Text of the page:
This is a subject ruled by more folklore than reason. On the fantasy end of the spectrum are the elaborate rituals of Mme. Olga Berluti’s embarrassingly parvenu Swan Club black tie dinners where its members polish shoes with “special” creams and drops of champagne, wonderful grist for the fashion pundits’ mill, but as questionable as Berluti’s shoe fashions themselves. Somewhat more practical are the “bulling” of boots in the British Army, something I do not wish upon either of us, the organic method using a banana peal (it works), setting the polish on fire to aid in absorption (counterproductive), and the time-honoured “spit-shine’, using a cloth, polish and water (or champagne when no source of water is available). About these you can read at leisure on the Internet. What I will offer below is a practical guide to polishing shoes, sans ritual, sans regalia and sans religion. Follow these instructions and with very little time invested your shoes will look lovely and last indefinitely.
Leather finishes differ, of course, and the level of gloss that you prefer will dictate the polish that you use and how you apply it. Creams will not give you the high-shine of wax polishes and only a painstaking cloth and water shine will give you the highest gloss military shine. But, in my view, leather should emit light, it should glow, not reflect. And for that warm and still perfectly shiny finish, I recommend the following simple techniques. With your purchase, I will include my favourite cream polish in the correct colour to start you off right.
As a rule, New Shoes should be polished before wearing outside -you can try them on and walk around the house but before they see dirt or wet, they should be protected by polish. New leather is very absorbent and, with the exception of the toes to which you can give a little more attention if you wish, applying with a cloth as is often recommended will make it difficult to apply cream evenly. Instead, use one of the small round brushes intended for the purpose, apply a small amount of cream to the brush and, moving very quickly, spread the cream evenly, continuing to work until it is absorbed. If you stop the swirls of polish will be absorbed unevenly, so keep moving and spreading.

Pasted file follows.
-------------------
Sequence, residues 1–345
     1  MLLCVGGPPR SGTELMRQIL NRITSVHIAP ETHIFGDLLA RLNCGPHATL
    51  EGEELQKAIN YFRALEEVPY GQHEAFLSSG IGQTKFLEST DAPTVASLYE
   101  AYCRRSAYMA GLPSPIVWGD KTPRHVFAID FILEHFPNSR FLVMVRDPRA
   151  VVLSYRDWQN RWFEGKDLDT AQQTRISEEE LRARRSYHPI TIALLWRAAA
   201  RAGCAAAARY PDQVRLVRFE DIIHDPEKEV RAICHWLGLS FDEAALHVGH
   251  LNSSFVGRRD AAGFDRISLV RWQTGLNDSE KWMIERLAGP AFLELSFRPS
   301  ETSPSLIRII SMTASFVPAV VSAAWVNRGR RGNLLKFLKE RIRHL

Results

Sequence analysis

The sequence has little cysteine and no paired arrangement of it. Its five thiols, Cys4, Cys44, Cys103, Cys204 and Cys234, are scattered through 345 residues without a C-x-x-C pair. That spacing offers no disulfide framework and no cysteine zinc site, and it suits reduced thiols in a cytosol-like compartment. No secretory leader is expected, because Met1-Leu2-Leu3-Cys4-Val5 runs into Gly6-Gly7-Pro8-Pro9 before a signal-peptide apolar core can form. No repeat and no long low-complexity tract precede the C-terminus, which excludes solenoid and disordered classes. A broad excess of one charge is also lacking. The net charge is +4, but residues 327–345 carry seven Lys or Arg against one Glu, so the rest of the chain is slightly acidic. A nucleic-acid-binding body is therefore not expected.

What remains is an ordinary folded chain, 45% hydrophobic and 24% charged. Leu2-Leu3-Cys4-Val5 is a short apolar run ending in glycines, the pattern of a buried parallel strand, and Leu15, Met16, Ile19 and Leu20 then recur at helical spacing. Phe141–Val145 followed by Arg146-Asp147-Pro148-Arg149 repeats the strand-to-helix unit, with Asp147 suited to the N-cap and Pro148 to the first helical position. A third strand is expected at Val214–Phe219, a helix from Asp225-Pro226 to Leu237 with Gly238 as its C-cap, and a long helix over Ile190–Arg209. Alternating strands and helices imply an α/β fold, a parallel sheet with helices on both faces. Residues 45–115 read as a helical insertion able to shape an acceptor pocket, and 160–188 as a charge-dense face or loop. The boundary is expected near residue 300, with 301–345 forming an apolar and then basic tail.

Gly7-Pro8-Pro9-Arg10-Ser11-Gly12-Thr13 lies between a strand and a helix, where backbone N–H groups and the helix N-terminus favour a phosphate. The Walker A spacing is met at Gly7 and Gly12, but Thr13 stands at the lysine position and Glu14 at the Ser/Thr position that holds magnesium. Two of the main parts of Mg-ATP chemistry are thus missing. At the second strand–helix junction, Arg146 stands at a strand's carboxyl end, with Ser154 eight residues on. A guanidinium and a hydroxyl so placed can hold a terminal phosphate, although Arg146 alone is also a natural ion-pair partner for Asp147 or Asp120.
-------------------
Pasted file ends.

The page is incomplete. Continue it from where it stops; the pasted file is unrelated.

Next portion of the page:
I have experimented extensively with various polishes and have settled almost exclusively on creams (as opposed to wax polishes). But wax polishes are suitable for shoes that are really going to get wet or very dirty. Also, I have found that the lightest reasonable colour of polish is the best to use. With the exception of black shoes on which I use black polish and cordovan on cordovan, I have been using a light tan polish on almost every brown shoe. The oils make the shoe darker anyway and if you want to preserve the light colour of a shoe use tan. Of course, if a shoe is scuffed or the colour has gone out for some reason then match the colour with the appropriate shoe cream.
Again, from the beginning; after cleaning your shoes thoroughly with a stiff horsehair brush, let them dry thoroughly if they are damp, remove the laces and insert their shoetrees. I strongly prefer to polish with trees in; it is easier to spread the polish evenly, brushing or buffing is more thorough and if you let the shoes rest with trees in for a day or two after polishing the shape of the shoes is restored and creases are minimized.
Spread the cream with a round bristle brush meant for the purpose, (you should own 2 or 3 brushes for different colours) moving rapidly and applying modest amounts of polish to all surfaces, in all the nooks and crannies, and to the welt and the tongue. Pass the brush over and over until the cream is evenly distributed and is beginning to dry. Set the shoe aside for 15 or 20 minutes and then polish with a large soft horsehair brush. If you are concerned that some excess polish may be left on the surface, or if you would like a slightly higher shine, use a shammy (Chamois) cloth or a strip of Turkish toweling to give it a final going over. Oh, and polish the soles occasionally too; just clean your applicator brush off on the soles. They are leather too and need a little feeding from time to time. Now, if you have devoted more than 5 minutes (not counting waiting time or cleaning) you have exceeded my instructions.
You might experiment with polishes, using a lighter or darker polish on the cap, for instance, to enhance the patina over time. Do so without concern; you are hardily likely to change the colour of your shoes in one application of a foreign colour.
An additional word about Shell Cordovan Shoes; this leather suffer as much from the application of too much polish as from not enough. When cordovan shoes are new and still “sweating” oils from the tanning, they require only a vigorous brushing and no polish. Later, when you do use cream, the tiniest amounts will suffice. Again, brushing is the key to preventing the build-up of excess polish on this tight-grained leather. Skip Horween, the present owner of the great Chicago tannery and premiere purveyor of cordovan in the world, in a phone call recently, recommended that I take the back edge of a pocket knife to the built up deposits before polishing….and it works! But use the minimum amount of polish on cordovan and you will not have to resort to such extreme measures.